type='html'>More than 100 influential developers using Microsoft products have signed a petition demanding the software company reconsider plans to end support for Visual Basic in its "classic" form.
The developers, members of Microsoft's Most Valuable Professional program which recognizes influential members of the developer community, claim the move could kill development on millions of Visual Basic 6 (VB6) applications and "strand" programmers that have not been trained in newer languages.
Microsoft said it will end standard support for Visual Basic 6 at the end of this month, ending free incident support and critical updates. Both services will be available for a fee for another three years.
But MVPs hope Microsoft will reconsider not just VB6's support options, but will continue to develop the language alongside its newer Visual Basic.Net.
"By providing a new version of a COM-based Visual Basic within the Visual Studio IDE, Microsoft will help maintain the value of its clients' existing code, demonstrate its ongoing commitment to the core Visual Basic language, and greatly simplify the adoption of VB.NET by those that wish to do so," the petition says. "The decisions of if, how, and when to migrate code to .NET should lie with the customer."
The problem, say the dissenting developers, is that when Microsoft made Visual Basic.Net (or Visual Basic 7) the successor to VB6, it actually killed one language and replaced it with a fundamentally different one. It's effectively impossible to migrate VB6 applications to VB.Net, and for VB6 developers, learning VB.Net is as complex as learning a completely new programming language, critics say.
"The .Net version of Visual Basic is Visual Basic in name only," wrote developer and author Rich Levin in a recent blog entry. "Any organization with an investment in Visual Basic code--consultants, ISVs, IT departments, businesses, schools, governments--are forced to freeze development of their existing VB code base, or reinvest virtually all the time, effort, intellectual property, and expense to rewrite their applications from scratch."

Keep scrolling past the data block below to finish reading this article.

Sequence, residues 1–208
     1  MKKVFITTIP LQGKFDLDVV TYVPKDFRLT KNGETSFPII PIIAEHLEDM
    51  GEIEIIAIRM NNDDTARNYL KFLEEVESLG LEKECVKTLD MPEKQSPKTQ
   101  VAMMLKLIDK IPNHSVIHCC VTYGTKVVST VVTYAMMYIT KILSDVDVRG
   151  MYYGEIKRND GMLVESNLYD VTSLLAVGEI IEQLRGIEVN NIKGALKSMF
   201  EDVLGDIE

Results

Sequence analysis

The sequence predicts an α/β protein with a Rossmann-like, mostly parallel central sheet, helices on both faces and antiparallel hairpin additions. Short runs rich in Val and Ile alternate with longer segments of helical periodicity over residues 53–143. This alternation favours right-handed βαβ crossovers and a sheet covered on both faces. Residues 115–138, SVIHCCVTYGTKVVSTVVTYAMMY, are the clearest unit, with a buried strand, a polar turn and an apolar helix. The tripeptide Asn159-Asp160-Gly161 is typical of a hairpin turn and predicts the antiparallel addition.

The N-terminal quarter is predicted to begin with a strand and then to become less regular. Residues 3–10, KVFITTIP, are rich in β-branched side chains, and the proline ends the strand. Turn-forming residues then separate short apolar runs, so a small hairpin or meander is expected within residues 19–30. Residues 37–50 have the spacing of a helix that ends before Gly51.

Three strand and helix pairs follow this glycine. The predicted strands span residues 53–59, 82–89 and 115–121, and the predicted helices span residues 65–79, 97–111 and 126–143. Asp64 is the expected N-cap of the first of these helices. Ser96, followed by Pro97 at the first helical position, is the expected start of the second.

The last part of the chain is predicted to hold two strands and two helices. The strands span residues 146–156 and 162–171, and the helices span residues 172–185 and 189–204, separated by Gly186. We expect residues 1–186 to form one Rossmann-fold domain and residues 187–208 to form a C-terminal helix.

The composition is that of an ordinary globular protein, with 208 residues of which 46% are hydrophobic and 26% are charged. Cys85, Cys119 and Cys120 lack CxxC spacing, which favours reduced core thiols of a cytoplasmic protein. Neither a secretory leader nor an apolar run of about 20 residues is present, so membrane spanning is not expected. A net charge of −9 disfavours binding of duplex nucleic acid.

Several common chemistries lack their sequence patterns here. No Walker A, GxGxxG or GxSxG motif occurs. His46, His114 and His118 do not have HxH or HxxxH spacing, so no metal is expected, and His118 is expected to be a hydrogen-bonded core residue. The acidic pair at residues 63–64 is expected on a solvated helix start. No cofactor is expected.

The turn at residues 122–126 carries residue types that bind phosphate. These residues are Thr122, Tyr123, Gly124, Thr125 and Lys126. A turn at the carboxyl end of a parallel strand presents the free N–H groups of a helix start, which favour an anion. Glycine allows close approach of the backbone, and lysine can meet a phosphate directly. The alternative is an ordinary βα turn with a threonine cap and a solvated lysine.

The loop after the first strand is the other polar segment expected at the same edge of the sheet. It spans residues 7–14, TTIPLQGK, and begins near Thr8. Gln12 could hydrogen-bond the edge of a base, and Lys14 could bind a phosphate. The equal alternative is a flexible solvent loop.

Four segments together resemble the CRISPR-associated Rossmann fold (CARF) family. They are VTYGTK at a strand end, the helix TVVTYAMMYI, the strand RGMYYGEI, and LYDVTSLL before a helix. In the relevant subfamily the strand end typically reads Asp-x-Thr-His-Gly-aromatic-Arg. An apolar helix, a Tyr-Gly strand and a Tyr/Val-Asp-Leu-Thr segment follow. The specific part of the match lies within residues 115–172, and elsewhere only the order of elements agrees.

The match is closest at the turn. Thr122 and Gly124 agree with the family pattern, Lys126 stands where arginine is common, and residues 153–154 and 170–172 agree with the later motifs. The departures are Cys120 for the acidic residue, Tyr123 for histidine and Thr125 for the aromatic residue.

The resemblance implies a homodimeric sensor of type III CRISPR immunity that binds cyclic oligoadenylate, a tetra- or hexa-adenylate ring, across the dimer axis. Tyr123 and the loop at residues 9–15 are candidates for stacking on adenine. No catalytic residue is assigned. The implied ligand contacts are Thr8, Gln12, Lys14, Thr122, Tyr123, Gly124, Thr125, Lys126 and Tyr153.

Microsoft continues to develop C++ alongside C#, the language's .Net counterpart, and the company should do the same with "classic" Visual Basic and VB.Net, the petition argues. Microsoft introduced VB.Net in 2000, and since then, developer use of VB6 and older versions has declined steadily. Many of those leaving the language behind are migrating not to VB.Net but to non-Microsoft languages such as Java, according to some surveys. For example, a November 2004 survey of developers in Europe, the Middle East and Africa by Evans Data found that Visual Basic had lost 25 percent of its developer base in those areas since 2003.
In North America most Visual Basic developers continued to use VB6 and older versions--45 percent of all North American developers, compared with 34 percent for Visual Basic.Net. Fifty-four percent of North American developers used some sort of Visual Basic.
"One of the main issues keeping VB6 and earlier developers from making the migration to VB.Net is the steepness of the learning curve," said Albion Butters, Evans Data's international analyst, in a statement. "The difficulty in moving existing VB6 apps to VB.Net is, in some cases, insurmountable."
While the developers' argument may make sense, it is probably a moot point, as Microsoft is unlikely to change its stance on VB6, say some industry observers.
"All software--desktop apps, languages, databases, whatever--gets 'end-of-lifed' eventually, some unfortunately, some fortunately," said Jez Higgins, a Birmingham-based developer. "The fundamental programming disciplines aren't tied to any one language or any one way or working. They won't disappear out the side of your head. I suggest these blokes buck up and get on."
"The future of programming is clear, and object-oriented languages designed from the get-go for Web and Internet-enabled functionality are the future," wrote one developer in response to Levin's post. "No amount of romanticizing VB6 is going to change that."